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Vol. 4 No. 1 March 2005

iSCSI slashes storage costs

Bioinformatics researchers generate a lot of data, especially those involved with some of the newer "-omics," says Dustin Machi, computational facility manager at the Virginia Bioinformatics Institute (VBI) at Virginia Tech. "Genomics has been out there for a long time and [researchers] might generate megabytes per day. But new fields like proteomics and metabolomics generate gigabytes and gigabytes per day," he says. VBI researchers used to store those gigabyte-sized--and in extreme cases, terabyte-sized--data sets on IBM's Enterprise Storage Server (ESS) or "Shark" storage, but Machi and his colleagues are actively encouraging researchers to tap into VBI's new storage resources like iSCSI arrays from Rackable Systems. Thus far, VBI has deployed approximately 12TB of raw capacity across Rackable S3009 and S3016 arrays, which run iSCSI target software from Wasabi Systems. VBI plans to add many more terabytes of iSCSI storage arrays over the next couple of months. It shouldn't be too hard to convince researchers to use the iSCSI ...

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Features in this issue

  • SMI-S has legs

    SMI-S support gaining ground

  • Midmarket yearns for remote replication

    Midsized companies want enterprise-class replication

  • Spotlight on midrange arrays

    Midrange arrays can handle most jobs traditionally associated with costly monolithic arrays at a far lower price. Our Special Report describes the benefits of these modular storage systems, profiles 14 of the leading midrange arrays and offers a look at what's coming.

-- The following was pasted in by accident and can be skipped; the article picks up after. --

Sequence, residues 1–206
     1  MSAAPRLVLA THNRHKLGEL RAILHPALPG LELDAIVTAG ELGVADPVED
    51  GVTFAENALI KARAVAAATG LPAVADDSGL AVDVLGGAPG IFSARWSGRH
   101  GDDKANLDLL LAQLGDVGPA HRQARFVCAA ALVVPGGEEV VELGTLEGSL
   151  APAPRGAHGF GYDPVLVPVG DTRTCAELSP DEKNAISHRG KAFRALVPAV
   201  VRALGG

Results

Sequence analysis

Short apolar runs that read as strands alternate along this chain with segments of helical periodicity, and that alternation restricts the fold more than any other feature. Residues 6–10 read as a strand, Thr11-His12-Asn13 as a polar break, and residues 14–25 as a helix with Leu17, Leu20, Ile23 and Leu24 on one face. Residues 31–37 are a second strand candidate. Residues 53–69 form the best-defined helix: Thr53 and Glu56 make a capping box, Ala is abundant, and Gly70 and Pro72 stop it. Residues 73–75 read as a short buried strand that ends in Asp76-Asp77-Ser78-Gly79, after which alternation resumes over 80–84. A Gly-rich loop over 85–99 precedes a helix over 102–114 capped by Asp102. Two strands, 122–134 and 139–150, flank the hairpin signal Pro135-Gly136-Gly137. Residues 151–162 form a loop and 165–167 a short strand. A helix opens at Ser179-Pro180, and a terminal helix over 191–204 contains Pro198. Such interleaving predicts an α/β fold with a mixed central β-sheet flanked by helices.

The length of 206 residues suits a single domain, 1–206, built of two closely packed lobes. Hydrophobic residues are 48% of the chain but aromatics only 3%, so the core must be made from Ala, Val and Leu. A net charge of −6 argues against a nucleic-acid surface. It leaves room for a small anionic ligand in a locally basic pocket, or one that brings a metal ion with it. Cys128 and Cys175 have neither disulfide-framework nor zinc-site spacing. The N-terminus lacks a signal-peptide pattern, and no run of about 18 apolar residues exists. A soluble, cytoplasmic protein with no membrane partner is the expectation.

• Securing IP SANs

    IP SANs use commodity hardware and industry-standard protocols to provide a cost-conscious, easy-to-manage alternative to Fibre Channel arrays. But with IP comes the issue of security. We detail five ways to make an IP SAN more secure.

  • Buzzword: SPAID

  • Rescue stranded storage

    by  Alex Barrett

    How SRM products can help you discover capacity that isn't accessible to an array.

  • First Look: Archivas ArC

    Archivas' ArC software is a highly scalable archiving application that can store fixed content as WORM data while still providing quick access to files.

  • NAS heads: Gatekeepers for enterprise storage

    A NAS head can aggregate disk capacity on storage systems, making it easier to share files and usedisk space efficiently. NAS head capabilities vary, so understanding product features and your requirements is crucial.

  • EMC TOEs the iSCSI line

    by  Alex Barrett

    Target-side TCP/IP Offload Engine chips have arrived, but the jury is still out on whether you should care.

Columns in this issue

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